April 20, 2014

Scrolling Headlines:

UMass men’s lacrosse falls to Hofstra on Senior Night, 11-6 -

Saturday, April 19, 2014

VIDEO: UMass United Ralley in support of Derrick Gordon, LGBTQ community -

Friday, April 18, 2014

John Ashcroft faces criticism during speech -

Thursday, April 17, 2014

Student rally in support of Gordon, LGBTQ community -

Thursday, April 17, 2014

Thousands gather in Amherst Commons for 23rd Annual Extravaganja -

Thursday, April 17, 2014

Sexual violence is not ‘normal’ -

Thursday, April 17, 2014

One year after Boston Marathon bombings, UMass doctor Pierre Rouzier continues passion to help -

Thursday, April 17, 2014

Photo Slideshow: UMass United Rally -

Thursday, April 17, 2014

Get Yourself Tested at UMass -

Thursday, April 17, 2014

UMass football continues move in new direction in annual Spring Game -

Thursday, April 17, 2014

Library labyrinth targets stress -

Thursday, April 17, 2014

There is nothing to debate about global warming -

Thursday, April 17, 2014

UMass hits the road to take on LaSalle -

Thursday, April 17, 2014

No. 11 UMass women’s lacrosse looks to extend winning streak against Richmond -

Thursday, April 17, 2014

Southeastern Conference commissioner Mike Slive latest McCormack Executive-in-Residence -

Thursday, April 17, 2014

Got a little Irish in you? -

Thursday, April 17, 2014

UMass doctoral student awarded Soros Fellowship -

Thursday, April 17, 2014

UMass Dressage Team discusses the lesser-known sport -

Wednesday, April 16, 2014

Canelas: Things worth watching in Spring Game 2014 -

Wednesday, April 16, 2014

‘The Walking Dead’ finale resurrects a dull season -

Wednesday, April 16, 2014

Our journey is not complete

A major campaign issue of the 2012 presidential election was gay marriage, but, as “The New York Times” points out, President Barack Obama may be modifying his original opinion.

MCT

MCT

In May of last year, Obama took a local stance on gay marriage in order to avoid losing support from the nation’s conservatives; each state would have the power to decide for themselves whether or not gay marriage should be legalized.

Obama stated in a May 9, 2012, ABC News interview, “Different communities are arriving at different conclusions, at different times. And I think that’s a healthy process and a healthy debate. And I continue to believe that this is an issue that is gonna be worked out at the local level, because historically, this has not been a federal issue.”

By taking this course of action, only nine states and Washington, D.C., have equal rights for gays. Massachusetts was the first to recognize gay marriage in 2004, followed by Connecticut, Iowa, Vermont, New Hampshire, New York, Washington, Maine and Maryland.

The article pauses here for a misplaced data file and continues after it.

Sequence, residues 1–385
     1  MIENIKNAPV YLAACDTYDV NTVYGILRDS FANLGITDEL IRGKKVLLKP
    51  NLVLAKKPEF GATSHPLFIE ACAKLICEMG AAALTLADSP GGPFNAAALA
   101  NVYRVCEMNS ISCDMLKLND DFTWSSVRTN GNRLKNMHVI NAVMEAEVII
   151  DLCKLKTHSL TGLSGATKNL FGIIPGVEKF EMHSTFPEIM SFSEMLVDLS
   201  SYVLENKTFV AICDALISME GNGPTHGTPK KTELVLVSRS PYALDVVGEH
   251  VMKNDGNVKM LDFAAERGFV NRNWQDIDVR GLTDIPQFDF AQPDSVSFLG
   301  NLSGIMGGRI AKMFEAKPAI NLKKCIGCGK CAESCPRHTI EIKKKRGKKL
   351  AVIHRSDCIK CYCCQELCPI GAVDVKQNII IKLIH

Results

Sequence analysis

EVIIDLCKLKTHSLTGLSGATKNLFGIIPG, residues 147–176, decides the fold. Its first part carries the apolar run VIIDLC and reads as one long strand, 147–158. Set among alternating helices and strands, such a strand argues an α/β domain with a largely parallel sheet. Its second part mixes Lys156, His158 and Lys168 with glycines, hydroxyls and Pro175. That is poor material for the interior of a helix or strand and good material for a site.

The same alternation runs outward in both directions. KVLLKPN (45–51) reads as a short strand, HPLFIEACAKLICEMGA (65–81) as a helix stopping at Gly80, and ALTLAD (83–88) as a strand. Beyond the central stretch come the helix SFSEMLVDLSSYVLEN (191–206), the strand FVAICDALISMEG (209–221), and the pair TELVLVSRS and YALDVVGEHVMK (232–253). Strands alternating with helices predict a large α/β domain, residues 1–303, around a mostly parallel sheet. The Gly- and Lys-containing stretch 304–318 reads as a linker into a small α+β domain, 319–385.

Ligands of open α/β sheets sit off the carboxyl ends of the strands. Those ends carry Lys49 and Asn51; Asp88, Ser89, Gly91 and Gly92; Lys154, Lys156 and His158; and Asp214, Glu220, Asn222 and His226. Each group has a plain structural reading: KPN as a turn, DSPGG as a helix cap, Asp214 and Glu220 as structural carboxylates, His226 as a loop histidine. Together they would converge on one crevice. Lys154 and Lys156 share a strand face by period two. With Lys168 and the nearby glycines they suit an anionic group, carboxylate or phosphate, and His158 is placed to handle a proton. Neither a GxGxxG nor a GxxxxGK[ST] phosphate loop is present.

Forty-one states continue to ban gay marriage.

Interestingly enough, Obama’s attitude on the subject had a different tone when he discussed it in his Inaugural Address on Jan. 21.  He boldly announced that, “Our journey is not complete until our gay brothers and sisters are treated like anyone else under the law.”

As of now, the Defense of Marriage Act of 1996 does not recognize same-sex marriage as legitimate before federal law. The act defines marriage as, “a legal union between one man and one woman as husband and wife, and the word ‘spouse’ refers only to a person of the opposite sex who is a husband or a wife.’’

This is a clear example of explicit, government-regulated discrimination.

Even to speak in purely economic terms, marriage is a huge asset to any serious couple. Benefits include everything from health coverage, taxes and inheritance rights, all the way to hospital visitations during times of illness. Furthermore, “The New York Times” estimates that, “a same-sex couple denied marriage benefits will incur an additional $41,196 to $467,562 in expenses over their lifetime.”

Living in Massachusetts, it becomes easy to take these rights for granted. As one of the few states to provide equal services for all sexual orientations, a Bay Stater may forget that, in a majority of the nation, millions of Americans continue to struggle to receive the basic dignities granted through the United States Constitution. These rights are natural or, as some would say, self-evident.

That is the ideal described in the Declaration of Independence and has been a building block for the US ever since. It seems peculiar that as a country that holds a deep sense of pride in our civil liberties, and one that has made enormous strides in human rights, that there is still a massive volume of people for whom these dreams are just out of reach.

It does not make sense for an entire community of people to be denied constitutional rights because of gender, race or sexual orientation. As a nation, we have made vast improvements in the treatment of the first two, but we cannot stop there. Obama needs to initiate a change on a nationwide scale in order to move toward a more perfect union. There is no doubt it will be met with resistance, but our country was built on hard work; nothing worth doing is ever easy.

Denise O’Brien is a Collegian columnist. She can be reached at dmobrien@student.umass.edu.

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